Underrewarded employees produce larger quantities of lower-quality piece work than equitably rewarded employees Inequity : Inequity Inequity exists when worker’s outcome/input ratio is not equal to referent.
Underpayment inequity: ratio is less than the referent. Worker feels they are not getting the outcomes they should given inputs.
Overpayment inequity: ratio is higher than the referent. Worker feels they are getting more outcomes then they should given inputs.
Restoring Equity: Inequity creates tension in workers to restore equity.
In underpayment, workers reduce input levels to correct.
Overpayment, worker can change the referent to adjust.
If inequity persists, worker will often leave the firm. Goal-Setting Theory (Edwin Locke) : Goal-Setting Theory (Edwin Locke) Slide 36: Characteristics of effective goal
Specific goal (Measurable)
Specific, credible, sufficiently frequent, timely and relevant Vroom’s Expectancy theory : Vroom’s Expectancy theory Expectancy Theory : Expectancy Theory Vroom suggests that motivation will be high when workers feel:
High levels of effort lead to high performance.
High performance will lead to the attainment of desire outcomes.
Consists of three areas:
Expectancy, Instrumentality, & Valence. Slide 40: Motivation (Force) = Valence * Expectancy
Expectancy = the belief that efforts lead to performance = efforts to first level outcomes Expectancy Theory : Expectancy Theory High Expectancy
(Worker knows that
if they try, they can
(Worker perceives that
leads to outcomes) High Valence
(Worker desires the
Motivation Expectancy, Instrumentality, & Valence : Expectancy, Instrumentality, & Valence Expectancy, Instrumentality, & Valence : Expectancy, Instrumentality, & Valence Expectancy is the perception that effort (input) will result in a level of performance.
You will work hard if it leads to high performance.
You would be less willing to work hard if you knew that the best you would get on a paper was a D regardless of how hard you tried.
Instrumentality: Performance leads to outcomes.
Workers are only motivated if they think performance leads to an outcome.
Managers should link performance to outcomes.
Valence: How desirable each outcome is to a person.
Managers should determine the outcomes workers want most. High Motivation: : High Motivation: According to the Expectancy Theory, high motivation results from high levels of Expectancy, Instrumentality, & Valence.
If just one value is low, motivation will be low.
This means that even if desired outcomes are closely link to performance, the worker must feel the task is possible to achieve for high motivation to result.
Managers need to consider this relationship to build a high performance firm. The porter and Lawer Model of motivation : The porter and Lawer Model of motivation Comprehensive theory of motivation
Managers operates on the basis of some sort of expectancies which,
Actual Reward > Perceived Reward == Satisfaction
Actual Reward < Perceived Reward == Dissatisfaction Slide 46: Value of Reward Abilities and traits Intrinsic Rewards Perceived Equitable rewards Performance
Accomplishment Satisfaction Role perception Perceived efforts Efforts Extrinsic Reward Work motivation : Work motivation Reinforcement Theory : Reinforcement Theory Concepts:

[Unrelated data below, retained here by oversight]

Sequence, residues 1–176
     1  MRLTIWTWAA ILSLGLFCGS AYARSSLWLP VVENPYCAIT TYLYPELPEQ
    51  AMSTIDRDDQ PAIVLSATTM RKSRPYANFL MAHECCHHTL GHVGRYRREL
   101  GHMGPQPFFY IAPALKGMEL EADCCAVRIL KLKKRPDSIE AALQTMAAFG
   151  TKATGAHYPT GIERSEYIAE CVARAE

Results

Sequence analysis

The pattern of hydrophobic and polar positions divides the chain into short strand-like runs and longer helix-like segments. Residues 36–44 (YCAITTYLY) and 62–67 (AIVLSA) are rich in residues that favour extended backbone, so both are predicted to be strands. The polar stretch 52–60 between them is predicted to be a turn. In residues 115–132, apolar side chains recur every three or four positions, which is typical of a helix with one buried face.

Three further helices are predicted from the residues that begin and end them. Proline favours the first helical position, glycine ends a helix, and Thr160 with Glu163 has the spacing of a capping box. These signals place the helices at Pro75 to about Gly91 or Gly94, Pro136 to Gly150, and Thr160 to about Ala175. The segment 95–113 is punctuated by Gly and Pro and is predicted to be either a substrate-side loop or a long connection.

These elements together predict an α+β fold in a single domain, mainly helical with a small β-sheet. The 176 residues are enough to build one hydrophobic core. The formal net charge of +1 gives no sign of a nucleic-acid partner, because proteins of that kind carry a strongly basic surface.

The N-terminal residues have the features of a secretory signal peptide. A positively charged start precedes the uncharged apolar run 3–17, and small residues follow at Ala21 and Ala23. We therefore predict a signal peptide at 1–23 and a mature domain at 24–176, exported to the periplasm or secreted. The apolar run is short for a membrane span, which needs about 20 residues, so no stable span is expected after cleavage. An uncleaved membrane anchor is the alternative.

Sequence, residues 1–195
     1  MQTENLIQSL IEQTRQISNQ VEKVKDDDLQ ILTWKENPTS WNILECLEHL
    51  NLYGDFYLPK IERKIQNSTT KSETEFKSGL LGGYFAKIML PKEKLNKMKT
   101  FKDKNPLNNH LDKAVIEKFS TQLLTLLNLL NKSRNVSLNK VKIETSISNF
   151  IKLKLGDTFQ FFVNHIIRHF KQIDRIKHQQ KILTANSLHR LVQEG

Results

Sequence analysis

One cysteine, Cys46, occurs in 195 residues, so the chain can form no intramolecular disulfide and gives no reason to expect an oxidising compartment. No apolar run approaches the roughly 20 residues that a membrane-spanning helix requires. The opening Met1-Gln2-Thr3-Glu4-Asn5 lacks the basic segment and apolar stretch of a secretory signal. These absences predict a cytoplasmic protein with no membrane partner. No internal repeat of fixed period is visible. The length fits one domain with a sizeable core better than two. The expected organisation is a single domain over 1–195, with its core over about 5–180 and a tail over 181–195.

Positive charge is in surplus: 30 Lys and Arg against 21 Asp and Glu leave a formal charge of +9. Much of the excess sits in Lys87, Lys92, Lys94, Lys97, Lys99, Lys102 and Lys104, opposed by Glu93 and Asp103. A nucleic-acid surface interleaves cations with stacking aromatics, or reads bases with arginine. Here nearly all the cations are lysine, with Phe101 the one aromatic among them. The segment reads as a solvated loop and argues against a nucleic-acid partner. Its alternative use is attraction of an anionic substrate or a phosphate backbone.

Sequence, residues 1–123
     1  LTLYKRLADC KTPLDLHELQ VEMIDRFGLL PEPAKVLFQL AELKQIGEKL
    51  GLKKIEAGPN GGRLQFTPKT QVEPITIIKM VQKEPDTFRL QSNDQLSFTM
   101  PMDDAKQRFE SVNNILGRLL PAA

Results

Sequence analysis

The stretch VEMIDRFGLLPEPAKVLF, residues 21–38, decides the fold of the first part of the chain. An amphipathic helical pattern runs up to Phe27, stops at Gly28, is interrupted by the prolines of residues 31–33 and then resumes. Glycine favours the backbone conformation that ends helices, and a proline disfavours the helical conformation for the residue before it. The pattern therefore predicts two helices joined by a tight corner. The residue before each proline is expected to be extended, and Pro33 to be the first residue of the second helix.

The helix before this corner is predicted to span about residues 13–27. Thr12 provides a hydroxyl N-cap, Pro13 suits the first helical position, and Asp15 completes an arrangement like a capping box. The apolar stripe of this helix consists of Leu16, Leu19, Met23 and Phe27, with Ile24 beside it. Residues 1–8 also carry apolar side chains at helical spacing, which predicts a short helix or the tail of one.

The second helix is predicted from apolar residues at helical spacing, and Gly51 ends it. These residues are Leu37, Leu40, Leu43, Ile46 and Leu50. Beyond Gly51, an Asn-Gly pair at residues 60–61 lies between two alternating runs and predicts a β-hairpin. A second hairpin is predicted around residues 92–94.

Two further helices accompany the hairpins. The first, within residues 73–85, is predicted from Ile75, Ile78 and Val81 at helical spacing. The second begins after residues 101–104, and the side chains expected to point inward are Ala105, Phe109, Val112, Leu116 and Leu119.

Behavior is environmentally caused.
Behavior can be modified (reinforced) by providing (controlling) consequences.
Reinforced behavior tends to be repeated. Flow and Intrinsic Motivation Theory : Flow and Intrinsic Motivation Theory Ken Thomas’s Model of Intrinsic Motivation : Ken Thomas’s Model of Intrinsic Motivation Employees are intrinsically motivated when rewards an employee gets from work result from:
Choice– the ability to freely self-select and perform task activities.
Competence– the sense of accomplishment from skillfully performing chosen tasks or activities.
Meaningfulness– pursuing a task that matters in the larger scheme of things.
Progress– the feeling of significant advancement in achieving the task’s purpose. Theory X and Theory Y (Douglas McGregor) : Theory X and Theory Y (Douglas McGregor) Ouchi’s theory Z : Ouchi’s theory Z Comparative study of Japanese and American management practices
Integrated model of motivation
Strong bond between organisation and employee
Informal control system Slide 53: Short term employment
Individual decision making
Rapid evaluation and promotion
Explicit, formalized control
Specialized career path
Segmented concern for employees Life time employment
Consensual decision m making
Slow evaluation and promotion
Implicit, informal control
Non specialized career path
Holistic concern for employees Slide 54: Importance of Motivation
Optimum utilization of resources
Reduction in labour turnover
Better industrial relations
Facilitates change Integrating Contemporary Theories of Motivation : Integrating Contemporary Theories of Motivation Motivation : Motivation Defined as the psychological forces within a person that determine:
1) direction of behavior in an organization;
2) the effort or how hard people work;
3) the persistence displayed in meeting goals.
Intrinsic Motivation: behavior performed for its own sake.
Motivation comes from performing the work.
Extrinsic Motivation: behavior performed to acquire rewards.
Motivation source is the consequence of an action. As Marketing Requested It : As Marketing Requested It As Sales Ordered It : As Sales Ordered It As Engineering Designed It : As Engineering Designed It As Production Manufactured It : As Production Manufactured It As Maintenance Installed It : As Maintenance Installed It What the Customer Wanted : What the Customer Wanted